The increase in managed care arrangements in this country's health systems are well- documented. Today, nationally, more than half of all privately insured persons receive their care through risk-based (capitated, pre-paid) managed care arrangements. For Medicaid, managed care penetration is similar--just under 46 percent of all Medicaid beneficiaries are covered by managed care in the average state. 50
Consistent with the extensive use of risk-based managed care in the United States today, five of the six study states set out to make managed care the cornerstone of their SCHIP delivery systems. 51 California, Colorado, Missouri, and New York each launched their programs with the goal of implementing risk-based managed care statewide for SCHIP; in Texas, policymakers acknowledged that managed care implementation would not be possible in many rural areas, but committed to using prepaid arrangements as extensively as possible. State officials embraced managed care for several reasons. First, managed care was described as an efficient way to leverage limited SCHIP dollars. Second, it was viewed as a vehicle for improving delivery systems for low-income children. Third, it was seen as a means of modeling delivery arrangements on those found in private insurance markets. Finally, in some states, managed care offered an opportunity to test new approaches for delivering care that were not feasible within the larger Medicaid program.
Existing service-delivery arrangements, including those in the Medicaid programs, greatly influenced the nature of SCHIP delivery systems in all six states. Missouri built on the managed care delivery system it had launched successfully several years earlier, in counties in the state's more populated east-west corridor. In California, Colorado, New York, and Texas, state officials sought to align SCHIP and Medicaid delivery systems whenever possible, while also extending managed care to a larger number of counties, including rural ones.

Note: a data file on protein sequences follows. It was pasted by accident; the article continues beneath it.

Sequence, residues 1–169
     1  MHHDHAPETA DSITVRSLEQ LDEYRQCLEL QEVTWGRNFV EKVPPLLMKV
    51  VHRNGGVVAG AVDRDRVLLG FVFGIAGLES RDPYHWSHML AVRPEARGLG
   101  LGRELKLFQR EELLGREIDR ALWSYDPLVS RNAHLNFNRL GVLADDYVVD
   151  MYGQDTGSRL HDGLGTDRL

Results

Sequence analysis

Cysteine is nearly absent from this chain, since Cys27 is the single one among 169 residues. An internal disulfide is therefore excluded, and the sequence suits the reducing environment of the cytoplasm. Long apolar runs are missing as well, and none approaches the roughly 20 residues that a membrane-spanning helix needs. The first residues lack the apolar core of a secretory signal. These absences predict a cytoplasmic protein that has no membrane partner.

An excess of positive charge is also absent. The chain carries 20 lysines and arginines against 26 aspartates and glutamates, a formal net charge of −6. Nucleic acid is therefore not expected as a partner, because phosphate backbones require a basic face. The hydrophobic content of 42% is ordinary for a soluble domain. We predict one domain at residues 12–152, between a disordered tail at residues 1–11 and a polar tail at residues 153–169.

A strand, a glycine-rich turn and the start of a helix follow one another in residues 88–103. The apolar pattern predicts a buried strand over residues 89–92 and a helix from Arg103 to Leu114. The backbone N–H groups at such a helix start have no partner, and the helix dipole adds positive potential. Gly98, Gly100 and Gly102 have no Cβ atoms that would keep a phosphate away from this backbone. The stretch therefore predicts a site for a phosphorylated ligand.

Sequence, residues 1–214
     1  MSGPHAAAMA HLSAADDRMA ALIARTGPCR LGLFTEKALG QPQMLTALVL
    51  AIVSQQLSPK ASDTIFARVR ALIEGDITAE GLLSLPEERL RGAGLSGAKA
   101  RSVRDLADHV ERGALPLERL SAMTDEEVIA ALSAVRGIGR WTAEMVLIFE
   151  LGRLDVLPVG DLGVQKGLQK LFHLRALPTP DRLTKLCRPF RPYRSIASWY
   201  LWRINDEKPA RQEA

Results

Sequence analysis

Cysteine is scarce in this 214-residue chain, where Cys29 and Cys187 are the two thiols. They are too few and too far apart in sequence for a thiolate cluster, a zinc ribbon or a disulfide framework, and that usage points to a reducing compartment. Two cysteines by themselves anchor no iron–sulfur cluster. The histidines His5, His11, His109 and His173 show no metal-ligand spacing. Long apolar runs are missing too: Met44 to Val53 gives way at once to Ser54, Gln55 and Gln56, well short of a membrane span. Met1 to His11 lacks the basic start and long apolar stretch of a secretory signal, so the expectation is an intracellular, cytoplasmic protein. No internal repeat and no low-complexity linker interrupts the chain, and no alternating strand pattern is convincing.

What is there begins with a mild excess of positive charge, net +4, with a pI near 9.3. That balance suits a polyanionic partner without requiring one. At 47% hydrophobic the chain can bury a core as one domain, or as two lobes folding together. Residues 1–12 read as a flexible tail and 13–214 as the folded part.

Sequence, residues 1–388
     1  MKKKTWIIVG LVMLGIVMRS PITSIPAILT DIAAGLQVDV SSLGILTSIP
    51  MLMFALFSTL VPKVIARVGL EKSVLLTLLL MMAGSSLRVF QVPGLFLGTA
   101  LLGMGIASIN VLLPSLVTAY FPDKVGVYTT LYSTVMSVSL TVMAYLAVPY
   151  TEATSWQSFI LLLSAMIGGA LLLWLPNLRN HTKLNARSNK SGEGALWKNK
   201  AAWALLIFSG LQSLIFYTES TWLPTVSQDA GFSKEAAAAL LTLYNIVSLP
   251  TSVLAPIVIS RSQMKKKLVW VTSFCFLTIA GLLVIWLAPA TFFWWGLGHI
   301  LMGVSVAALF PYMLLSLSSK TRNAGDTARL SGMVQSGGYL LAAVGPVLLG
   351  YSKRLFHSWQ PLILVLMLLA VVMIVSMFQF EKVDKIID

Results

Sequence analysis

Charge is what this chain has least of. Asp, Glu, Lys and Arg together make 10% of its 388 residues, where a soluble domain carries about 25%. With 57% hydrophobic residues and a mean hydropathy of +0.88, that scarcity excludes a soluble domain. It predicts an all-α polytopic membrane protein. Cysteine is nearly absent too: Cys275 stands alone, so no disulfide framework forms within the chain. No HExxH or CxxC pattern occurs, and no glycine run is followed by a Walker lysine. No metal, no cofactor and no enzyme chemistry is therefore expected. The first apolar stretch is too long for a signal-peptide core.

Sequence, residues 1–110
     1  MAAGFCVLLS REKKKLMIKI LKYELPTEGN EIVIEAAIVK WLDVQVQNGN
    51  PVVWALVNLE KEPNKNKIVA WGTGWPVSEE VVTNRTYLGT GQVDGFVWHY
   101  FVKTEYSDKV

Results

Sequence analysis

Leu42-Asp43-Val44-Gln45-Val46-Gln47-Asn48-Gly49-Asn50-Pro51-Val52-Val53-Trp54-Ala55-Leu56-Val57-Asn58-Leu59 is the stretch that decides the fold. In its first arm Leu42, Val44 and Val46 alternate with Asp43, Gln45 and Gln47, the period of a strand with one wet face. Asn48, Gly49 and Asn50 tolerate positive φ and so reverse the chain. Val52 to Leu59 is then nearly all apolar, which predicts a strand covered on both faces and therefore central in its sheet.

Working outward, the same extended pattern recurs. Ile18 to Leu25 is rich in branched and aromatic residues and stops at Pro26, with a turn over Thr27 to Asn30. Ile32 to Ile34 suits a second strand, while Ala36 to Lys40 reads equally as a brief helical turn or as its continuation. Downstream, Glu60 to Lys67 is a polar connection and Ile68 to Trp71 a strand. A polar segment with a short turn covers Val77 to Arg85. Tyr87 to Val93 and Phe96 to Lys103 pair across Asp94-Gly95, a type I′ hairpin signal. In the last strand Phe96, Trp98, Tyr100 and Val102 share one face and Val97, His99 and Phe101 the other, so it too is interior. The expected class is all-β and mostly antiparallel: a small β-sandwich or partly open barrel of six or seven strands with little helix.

Louisiana was exceptional among the study states in that it has experienced minimal managed care penetration in both the private and Medicaid markets and, thus, could not consider using risk-based arrangements for SCHIP. Rather, at the time of our visit, the state had implemented a Primary Care Case Management system in 20 of the state's 64 parishes, and plans called for expanding this system statewide by 2004.
50. This percentage excludes people enrolled in primary care case management. With these people, the percentage in managed care is almost 56 percent. Centers for Medicare & Medicaid Services. "Medicaid Managed Care State Enrollment as of June 30, 2000." http://cms.hhs.gov/medicaid/managedcare/mmcss00.asp
51. Managed care here is generally defined as prepaid, capitated arrangements, as in the model of Health Maintenance Organizations. It does not include managed fee-for-service models such as Primary Care Case Management systems.